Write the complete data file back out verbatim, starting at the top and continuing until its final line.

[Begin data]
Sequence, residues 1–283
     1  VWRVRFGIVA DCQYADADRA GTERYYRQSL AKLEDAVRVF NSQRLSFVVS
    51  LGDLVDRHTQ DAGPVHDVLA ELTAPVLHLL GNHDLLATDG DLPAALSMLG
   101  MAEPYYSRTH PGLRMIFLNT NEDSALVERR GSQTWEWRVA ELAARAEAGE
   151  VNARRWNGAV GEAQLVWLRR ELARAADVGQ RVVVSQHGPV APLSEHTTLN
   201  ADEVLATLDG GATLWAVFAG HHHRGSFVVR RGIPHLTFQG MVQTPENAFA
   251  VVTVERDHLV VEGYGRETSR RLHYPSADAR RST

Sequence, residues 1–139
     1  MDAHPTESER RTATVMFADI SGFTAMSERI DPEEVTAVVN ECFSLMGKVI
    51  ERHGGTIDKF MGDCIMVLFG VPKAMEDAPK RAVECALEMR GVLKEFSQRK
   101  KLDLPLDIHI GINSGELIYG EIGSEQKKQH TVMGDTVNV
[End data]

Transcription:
Sequence, residues 1–283
     1  VWRVRFGIVA DCQYADADRA GTERYYRQSL AKLEDAVRVF NSQRLSFVVS
    51  LGDLVDRHTQ DAGPVHDVLA ELTAPVLHLL GNHDLLATDG DLPAALSMLG
   101  MAEPYYSRTH PGLRMIFLNT NEDSALVERR GSQTWEWRVA ELAARAEAGE
   151  VNARRWNGAV GEAQLVWLRR ELARAADVGQ RVVVSQHGPV APLSEHTTLN
   201  ADEVLATLDG GATLWAVFAG HHHRGSFVVR RGIPHLTFQG MVQTPENAFA
   251  VVTVERDHLV VEGYGRETSR RLHYPSADAR RST

Sequence, residues 1–139
     1  MDAHPTESER RTATVMFADI SGFTAMSERI DPEEVTAVVN ECFSLMGKVI
    51  ERHGGTIDKF MGDCIMVLFG VPKAMEDAPK RAVECALEMR GVLKEFSQRK
   101  KLDLPLDIHI GINSGELIYG EIGSEQKKQH TVMGDTVNV